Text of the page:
Senator Leahy: Why thank you Madame Secretary and I want you to know how proud I am of both the Air and Army Guard in Vermont, they’ve always responded.  I want to ask you something, and we discussed about this yesterday, and I was intrigued by your answer.  In your recent Air Warfare Symposium speech, you said “it’s time to take risks, it’s time to productively fail.”  I found that intriguing, would you speak to that a little bit?

Secretary Wilson: Senator, when I say productively fail, I used to be president of a science and engineering university and I found that our freshman students, you know A and B students out of high school, really hard working, they are always afraid to fail.  And as engineers they need to learn how to productively fail.  And so I’d give them examples.  For example, you know why WD-40 is called WD-40?  Because the first 39 versions didn’t work.  And so it’s about finding what doesn’t work sometimes.  And you think about WD-40.  Four out of every five homes in America have a can of WD-40 and it was initially developed as a coating for the Atlas missile to prevent corrosion but it took a guy named Norm Larson 40 tries to get the right formula to make it work.  And so it’s about learning as you prototype and experiment and not thinking about a test failure as a failure.  It’s just one more step where you’re learning to figure out the path to success and so that’s what I mean by productive failure.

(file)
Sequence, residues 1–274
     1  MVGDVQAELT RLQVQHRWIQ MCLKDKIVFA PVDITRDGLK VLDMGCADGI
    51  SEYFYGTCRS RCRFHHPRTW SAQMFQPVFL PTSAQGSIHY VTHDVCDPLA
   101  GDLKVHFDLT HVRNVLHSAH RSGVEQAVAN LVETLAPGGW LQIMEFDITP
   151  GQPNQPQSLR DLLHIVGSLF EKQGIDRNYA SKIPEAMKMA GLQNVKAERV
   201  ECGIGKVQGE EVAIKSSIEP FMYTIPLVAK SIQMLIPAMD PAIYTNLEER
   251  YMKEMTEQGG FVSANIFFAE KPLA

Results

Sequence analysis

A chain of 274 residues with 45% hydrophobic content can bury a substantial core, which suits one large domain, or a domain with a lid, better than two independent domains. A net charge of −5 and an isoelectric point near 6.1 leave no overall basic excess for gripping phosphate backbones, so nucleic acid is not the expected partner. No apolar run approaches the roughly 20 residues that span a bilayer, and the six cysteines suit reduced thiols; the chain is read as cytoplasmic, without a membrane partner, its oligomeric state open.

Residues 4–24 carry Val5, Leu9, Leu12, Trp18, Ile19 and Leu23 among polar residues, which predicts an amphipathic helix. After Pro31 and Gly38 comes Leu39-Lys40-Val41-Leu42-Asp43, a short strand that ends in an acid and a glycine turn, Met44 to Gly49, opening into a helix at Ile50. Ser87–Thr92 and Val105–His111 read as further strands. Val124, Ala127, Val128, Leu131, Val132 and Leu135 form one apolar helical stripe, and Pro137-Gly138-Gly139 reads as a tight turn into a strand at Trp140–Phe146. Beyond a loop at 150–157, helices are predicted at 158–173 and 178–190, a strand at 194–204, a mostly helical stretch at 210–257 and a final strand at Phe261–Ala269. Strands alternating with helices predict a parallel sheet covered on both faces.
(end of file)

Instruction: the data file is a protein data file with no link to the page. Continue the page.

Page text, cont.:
Senator Leahy:  I was intrigued by it and went back and reread last night your speech and I think we could put that in a whole lot of areas but obviously, being cutting edge in the Air Force, you’re going to have things that don’t work the first time, and you got to be willing to go ahead with it.  And I’m glad to see you include funding in the FY19 budget request for initial production of the HH-60W, the combat rescue helicopter, something I supported early on.  Can you explain to the committee the need for this, either you or General Goldfein, whoever you like, and how that might be used in combat missions.

General Goldfein: Yes sir, and as an Air Force we actually own the mission to be able to fight our way in to a hot landing zone, fight our way in against an enemy and pick up a wounded soldier, sailor or airman, marine at the point of injury.  And so the combat rescue helicopter allows us to do that mission.  And not only is it for us, but it is also for our allies and partners, because they know and we have demonstrated this to them before, that if they go in and they find themselves on the ground out of an airplane that they’ve bailed out of, that we’re not going to stop at anything to come and get them.  And I have personal experience with that, having been rescued myself back in 1999 and I tell you one of the best sights you’ll ever see when you’re behind enemy lines is that combat rescue helicopter coming to pick you up.

Senator Leahy:  The head of my Vermont office was in the Army during Vietnam and he tells about when they crashed behind enemy lines, surrounded in the jungles by the enemy, how good it felt when that rescue came in.

Mr. Chairman, thank you very much.  Madame Secretary thank you.  And again, I was intrigued by that speech.  I hope a lot of people read it.  General, I appreciate your comments.

Source: Leahy. 5.17.2018